Loading ...
Sorry, an error occurred while loading the content.

REVIEW: "Pragmatic Thinking and Learning", Andy Hunt

Expand Messages
  • Rob, grandpa of Ryan, Trevor, Devon & Han
    BKPTLRYW.RVW 20081128 Pragmatic Thinking and Learning , Andy Hunt, 2008, 978-1-934356-05-0, U$34.95/C$34.95 %A Andy Hunt andy@pragprog.com %C 103 Morris
    Message 1 of 1 , Feb 26, 2009
      BKPTLRYW.RVW 20081128

      "Pragmatic Thinking and Learning", Andy Hunt, 2008, 978-1-934356-05-0,
      %A Andy Hunt andy@...
      %C 103 Morris Street, Suite A, Sebastopol, CA 95472
      %D 2008
      %G 978-1-934356-05-0 1-934356-05-0
      %I O'Reilly & Associates, Inc.
      %O U$34.95/C$34.95 707-829-0515 fax: 707-829-0104 nuts@...
      %O http://www.amazon.com/exec/obidos/ASIN/1934356050/robsladesinterne
      %O http://www.amazon.ca/exec/obidos/ASIN/1934356050/robsladesin03-20
      %O Audience n Tech 1 Writing 1 (see revfaq.htm for explanation)
      %P 271 p.
      %T "Pragmatic Thinking and Learning: Refactor Your Wetware"

      Paperbacks don't have endpapers, but there is an illustration before
      the table of contents, which turns out to be a "back of napkin"
      mindmap version of the table of contents.

      Chapter one acts as an introduction to the book. It states that the
      intention of the text is to allow you to redesign your brain so that
      it works better. There are few specifics given at this point, but
      there is a lot of emphasis on holistic, agile, and context. Models of
      moving from ignorance to expertise, such at the Dreyfus model of
      skills acquisition and the Shu Ha Ri martial arts model, are outlined
      in limited fashion in chapter two. Unfortunately, the brevity of the
      explanation leads to problems. The material is internally
      contradictory: for example Dreyfus "proficient" level people are said
      to "see the big picture" whereas novices are derided for considering
      everything. Hunt notes that experts may not be capable of teaching or
      outlining their field of expertise. This is unsurprising: teaching
      and task analysis are not inate, but require specialized proficiency.
      In chapter three Hunt proposes his own version of the "left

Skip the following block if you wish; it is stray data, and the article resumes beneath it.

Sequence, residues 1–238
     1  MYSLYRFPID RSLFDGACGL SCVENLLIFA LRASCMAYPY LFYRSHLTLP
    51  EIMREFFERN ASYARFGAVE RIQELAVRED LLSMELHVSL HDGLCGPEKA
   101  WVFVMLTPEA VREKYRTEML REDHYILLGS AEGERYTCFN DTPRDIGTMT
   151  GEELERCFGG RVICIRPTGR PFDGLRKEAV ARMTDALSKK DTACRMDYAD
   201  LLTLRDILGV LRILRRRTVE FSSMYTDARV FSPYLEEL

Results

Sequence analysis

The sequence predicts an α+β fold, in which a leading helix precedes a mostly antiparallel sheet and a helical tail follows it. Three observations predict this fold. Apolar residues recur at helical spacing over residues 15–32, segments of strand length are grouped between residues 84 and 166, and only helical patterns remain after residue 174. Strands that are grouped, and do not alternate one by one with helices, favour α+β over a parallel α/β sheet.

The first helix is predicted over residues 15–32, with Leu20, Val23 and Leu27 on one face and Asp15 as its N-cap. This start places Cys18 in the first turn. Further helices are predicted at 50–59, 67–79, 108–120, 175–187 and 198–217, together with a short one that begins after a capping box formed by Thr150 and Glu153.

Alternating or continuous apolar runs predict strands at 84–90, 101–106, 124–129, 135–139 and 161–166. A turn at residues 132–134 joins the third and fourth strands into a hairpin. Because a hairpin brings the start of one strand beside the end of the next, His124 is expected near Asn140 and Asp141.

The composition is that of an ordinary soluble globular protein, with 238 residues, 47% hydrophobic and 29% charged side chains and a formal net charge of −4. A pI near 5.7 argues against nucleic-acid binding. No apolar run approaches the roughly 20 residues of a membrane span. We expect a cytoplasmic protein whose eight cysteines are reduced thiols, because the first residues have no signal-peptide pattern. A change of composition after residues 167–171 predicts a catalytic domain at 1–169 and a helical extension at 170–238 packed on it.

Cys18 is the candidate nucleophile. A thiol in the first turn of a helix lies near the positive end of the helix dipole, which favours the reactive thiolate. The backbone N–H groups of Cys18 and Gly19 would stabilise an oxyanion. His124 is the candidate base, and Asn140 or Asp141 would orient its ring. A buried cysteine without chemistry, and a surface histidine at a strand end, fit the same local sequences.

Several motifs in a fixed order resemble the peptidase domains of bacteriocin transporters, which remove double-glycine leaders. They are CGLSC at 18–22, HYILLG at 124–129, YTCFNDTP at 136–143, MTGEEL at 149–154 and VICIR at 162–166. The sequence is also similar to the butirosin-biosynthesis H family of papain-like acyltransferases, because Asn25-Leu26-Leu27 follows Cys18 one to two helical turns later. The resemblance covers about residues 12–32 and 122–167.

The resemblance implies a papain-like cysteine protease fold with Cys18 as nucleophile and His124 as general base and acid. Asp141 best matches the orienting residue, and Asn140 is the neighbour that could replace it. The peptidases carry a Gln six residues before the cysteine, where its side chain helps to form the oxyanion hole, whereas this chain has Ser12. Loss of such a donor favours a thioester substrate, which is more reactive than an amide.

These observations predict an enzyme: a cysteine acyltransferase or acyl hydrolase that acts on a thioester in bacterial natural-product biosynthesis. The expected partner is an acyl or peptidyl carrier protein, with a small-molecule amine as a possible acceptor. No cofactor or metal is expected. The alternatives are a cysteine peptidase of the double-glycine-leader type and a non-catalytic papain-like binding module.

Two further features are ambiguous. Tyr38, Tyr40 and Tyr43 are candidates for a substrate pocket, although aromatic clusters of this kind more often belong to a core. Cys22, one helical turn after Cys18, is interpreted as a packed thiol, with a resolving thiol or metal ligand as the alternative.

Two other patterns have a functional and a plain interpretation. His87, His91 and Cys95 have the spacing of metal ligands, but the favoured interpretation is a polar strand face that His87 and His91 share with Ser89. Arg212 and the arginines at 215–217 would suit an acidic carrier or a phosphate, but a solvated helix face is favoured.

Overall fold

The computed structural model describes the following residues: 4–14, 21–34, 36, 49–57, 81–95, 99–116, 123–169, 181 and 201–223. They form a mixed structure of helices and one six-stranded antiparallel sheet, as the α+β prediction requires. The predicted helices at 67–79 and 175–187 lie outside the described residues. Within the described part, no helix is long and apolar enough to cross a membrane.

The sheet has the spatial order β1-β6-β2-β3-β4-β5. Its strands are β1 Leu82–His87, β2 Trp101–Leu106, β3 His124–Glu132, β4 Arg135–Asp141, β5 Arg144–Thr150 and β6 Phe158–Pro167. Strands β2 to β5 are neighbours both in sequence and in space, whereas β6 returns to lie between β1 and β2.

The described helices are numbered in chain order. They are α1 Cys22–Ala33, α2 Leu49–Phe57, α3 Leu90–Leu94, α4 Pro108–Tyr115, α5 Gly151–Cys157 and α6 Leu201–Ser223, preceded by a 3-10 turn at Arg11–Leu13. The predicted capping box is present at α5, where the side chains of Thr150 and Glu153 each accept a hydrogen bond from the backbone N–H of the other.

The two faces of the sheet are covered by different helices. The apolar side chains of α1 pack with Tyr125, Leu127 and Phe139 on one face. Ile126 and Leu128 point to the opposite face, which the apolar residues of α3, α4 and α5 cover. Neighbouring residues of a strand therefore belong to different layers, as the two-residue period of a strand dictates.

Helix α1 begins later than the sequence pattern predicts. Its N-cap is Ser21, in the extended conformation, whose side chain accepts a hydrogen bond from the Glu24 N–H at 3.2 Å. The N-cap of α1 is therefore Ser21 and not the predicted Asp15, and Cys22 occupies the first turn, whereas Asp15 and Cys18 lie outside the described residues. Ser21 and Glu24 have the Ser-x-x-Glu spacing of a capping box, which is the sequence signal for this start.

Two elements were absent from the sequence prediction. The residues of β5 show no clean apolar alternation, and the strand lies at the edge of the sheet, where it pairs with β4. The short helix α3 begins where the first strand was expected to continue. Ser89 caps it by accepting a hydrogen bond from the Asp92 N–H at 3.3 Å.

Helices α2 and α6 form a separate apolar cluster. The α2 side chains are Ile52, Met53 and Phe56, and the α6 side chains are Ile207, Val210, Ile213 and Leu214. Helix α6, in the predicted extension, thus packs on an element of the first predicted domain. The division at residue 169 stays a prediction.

brain/right brain" hypothesis. Chapter four suggests various
      exercises that may be helpful for promoting lateral or creative
      thinking. A seemingly random collection of notions about human
      thought biases are listed in chapter five. Hunt's assertion that
      these prejudices generate problems appears reasonable, but some of the
      items seem in odd contention with other material in the book.
      (Earlier chapters rail against the overuse of the "logical" side of
      the brain: here Hunt notes that one way to avoid irrational ideas is
      to demand quantification.) Most of chapter six is about life-long
      learning, although it starts with a distinct section suggesting that
      you set goals for yourself. Some disjointed advice for learning by
      experience is given in chapter seven. In contrast to the emphasis,
      from chapters one and three, on divergent thinking, chapter eight
      stresses the importance of narrowing your focus. Except that you have
      to defocus in order to focus. Clean off your computer desktop: cut
      down to one window. Except that you need to have some distractions
      available ... Chapter nine encourages you to change.

      There are some interesting ideas in the book. Individual items could
      be useful for pushing thinking out of ingrained ruts. However, by and
      large, the author promises more than he delivers.

      copyright Robert M. Slade, 2008 BKPTLRYW.RVW 20081128

      ====================== (quote inserted randomly by Pegasus Mailer)
      rslade@... slade@... rslade@...
      Why don't you write books people can read? - Nora Joyce, to James
    Your message has been successfully submitted and would be delivered to recipients shortly.